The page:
Extended staring at a computer screen inevitably creates fatigue, tension and eye problems. Failing to take short vision breaks is one of the major factors leading to eye strain and eye problems for computer users.
Micro vision break tip: Look up and focus on the furthest object in the distance. Be aware of objects around you in your periphery. Take a deep breath. Relax as you exhale. Blink a couple of times. Shift your vision back to the screen and re-focus. (Three near-to-far shifts per break are recommended. This should take about 5 seconds.)
Mirror tip: If your computer is in a corner or if you work in a small space, place a small mirror on top of your monitor or on your desk. Use the mirror to give your eyes a distant view by looking through the mirror and focusing on objects that you see behind you.
3. Minimize glare on the screen.
You can detect a potential glare problem by turning on the lights in the room that you normally would use - before turning on your computer. If you see any images or reflections on the (turned-off) screen, you've got a glare problem.
To reduce or minimize glare, experiment by:
- Moving the screen to a better location, if possible
- Tilting the screen
- Moving objects that reflect onto the screen
- Covering windows to block sunlight
- Turning off or lowering offending lights
- Covering fluorescent lights with egg-crate baffles
- Turning your computer so the screen is perpendicular to overhead fluorescent lights.
It may be impossible to eliminate glare altogether, in which case you might consider using an anti-glare screen.
4. Use friendly lighting.
Bright fluorescent lights are a poor choice. Dimmer lights are better. Have a desk lamp for reading and doing other close work at your desk, but make sure it doesn't reflect on the screen.
Most problems are caused by the quantity of the light (not by fluorescence itself). If possible, turn off every other fluorescent fixture and light your desk with a 100-watt bulb.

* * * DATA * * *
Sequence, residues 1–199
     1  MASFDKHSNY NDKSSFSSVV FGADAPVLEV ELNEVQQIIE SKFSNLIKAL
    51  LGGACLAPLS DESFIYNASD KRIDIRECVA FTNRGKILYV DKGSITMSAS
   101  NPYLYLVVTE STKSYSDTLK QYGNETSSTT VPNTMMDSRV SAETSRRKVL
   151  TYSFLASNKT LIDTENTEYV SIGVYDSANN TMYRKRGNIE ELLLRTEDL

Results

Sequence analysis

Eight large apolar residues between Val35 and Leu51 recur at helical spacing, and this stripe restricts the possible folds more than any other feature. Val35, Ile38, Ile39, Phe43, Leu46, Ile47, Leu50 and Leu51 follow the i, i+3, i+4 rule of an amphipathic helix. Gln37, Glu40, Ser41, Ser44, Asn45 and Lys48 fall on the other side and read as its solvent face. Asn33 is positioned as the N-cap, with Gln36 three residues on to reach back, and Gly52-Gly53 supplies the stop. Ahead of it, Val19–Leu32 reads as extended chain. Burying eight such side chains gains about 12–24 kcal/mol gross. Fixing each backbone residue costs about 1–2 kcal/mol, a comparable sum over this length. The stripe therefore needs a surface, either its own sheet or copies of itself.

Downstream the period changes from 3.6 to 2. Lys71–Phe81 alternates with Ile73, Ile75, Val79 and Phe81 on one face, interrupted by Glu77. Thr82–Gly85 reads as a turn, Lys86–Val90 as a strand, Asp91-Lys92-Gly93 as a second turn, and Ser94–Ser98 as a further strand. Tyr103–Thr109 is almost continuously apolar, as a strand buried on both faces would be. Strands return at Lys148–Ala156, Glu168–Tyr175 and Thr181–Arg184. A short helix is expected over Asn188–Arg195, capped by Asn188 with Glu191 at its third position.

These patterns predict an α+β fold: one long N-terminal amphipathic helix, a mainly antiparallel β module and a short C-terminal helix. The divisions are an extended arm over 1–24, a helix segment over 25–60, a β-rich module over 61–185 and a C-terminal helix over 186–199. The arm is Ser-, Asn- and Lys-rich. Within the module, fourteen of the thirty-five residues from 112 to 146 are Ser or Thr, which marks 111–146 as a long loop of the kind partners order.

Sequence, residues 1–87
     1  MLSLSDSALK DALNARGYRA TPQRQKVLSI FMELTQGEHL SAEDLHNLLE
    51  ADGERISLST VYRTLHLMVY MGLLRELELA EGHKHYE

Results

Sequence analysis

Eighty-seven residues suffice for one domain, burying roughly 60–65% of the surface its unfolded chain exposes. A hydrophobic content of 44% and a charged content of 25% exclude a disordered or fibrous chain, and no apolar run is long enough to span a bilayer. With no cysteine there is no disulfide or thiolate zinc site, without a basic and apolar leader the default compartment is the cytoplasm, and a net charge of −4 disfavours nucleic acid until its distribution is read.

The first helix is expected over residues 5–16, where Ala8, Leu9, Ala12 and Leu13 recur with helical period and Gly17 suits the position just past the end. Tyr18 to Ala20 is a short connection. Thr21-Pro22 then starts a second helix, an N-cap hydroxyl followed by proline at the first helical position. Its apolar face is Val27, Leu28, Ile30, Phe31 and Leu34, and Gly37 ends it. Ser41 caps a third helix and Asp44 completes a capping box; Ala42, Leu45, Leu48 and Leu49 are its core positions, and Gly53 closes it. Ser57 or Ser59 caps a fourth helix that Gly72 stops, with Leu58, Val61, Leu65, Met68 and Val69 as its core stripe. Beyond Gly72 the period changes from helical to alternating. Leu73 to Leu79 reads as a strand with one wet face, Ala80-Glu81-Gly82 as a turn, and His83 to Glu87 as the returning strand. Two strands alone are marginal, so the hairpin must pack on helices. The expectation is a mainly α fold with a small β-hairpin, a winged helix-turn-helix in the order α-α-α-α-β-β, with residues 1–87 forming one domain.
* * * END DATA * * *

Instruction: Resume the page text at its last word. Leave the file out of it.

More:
Standing lamps that direct light at the ceiling provide the best indirect light. If there is no dimmer available, a 3-way fixture is recommended so you can set the light at the most comfortable level.
You also need to light any original copy that you are working from. A desk lamp with an adjustable neck works well. Just make sure that this light doesn't distract you or spill onto your screen.
Hard copy tip: Ideally, you want your copy on the same vertical plane as the screen. Working side to side is preferable to looking from the screen down to your copy and then back up again. Alternate moving the written material that you work from to the left and right of the screen during the day. The eye movements required to shift back and forth from left to right and from screen to copy help reduce visual stress and enhance your visual skills.
5. Blink more often.
Computer rooms are notoriously dry, and this may be one reason why your eyes hurt at the computer. Blinking is your body's natural way of lubricating your eyes and preventing dry eyes. Normally the eye blinks 10-12 times a minute.
Most people do not blink regularly, especially when concentrating intently, or when under pressure. They keep their eyes wide open - fixed - and blinking decreases. Decreased blinking often causes redness, burning and itching of the eyes, particularly for those who use contact lenses.
Blinking lubricates and cleanses the eyes, keeping them moist for clear vision and comfort. Blinking also helps relax the facial muscles and forehead, countering the tendency to furrow one's brow and create tension.
Hydrate by drinking enough water. If absolutely necessary, use a natural eye drop. Similasan or PrimaVu are the recommended brands.
Blinking tip: Move only your eyelids - not your forehead, face or cheeks - when you blink. Make sure you close your eyes all the way without effort and that both the upper and lower lids touch gently. Blink lightly once every 3 to 5 seconds. Or, take 10-20 blinks in this way just as your eyes start to feel dry, tired or itchy.
These five tips should be enough to keep you from feeling eye strain at the computer. It could be very simple to not let your eyes hurt at the computer.
But sometimes these tips are not enough. The causes of the blurred vision and visual stress might go deeper. Make sure you have your eyes checked at least once a year, and make sure that you are using the correct prescription for computer use - it's not always the same as your regular prescription.
The book Total Health at the Computer goes into more depth about healthy computing tips, choosing the right kind of glasses for computer use and quick routines that will stop your eyes from hurting at the computer.
For more information, visit www.bettervision.com.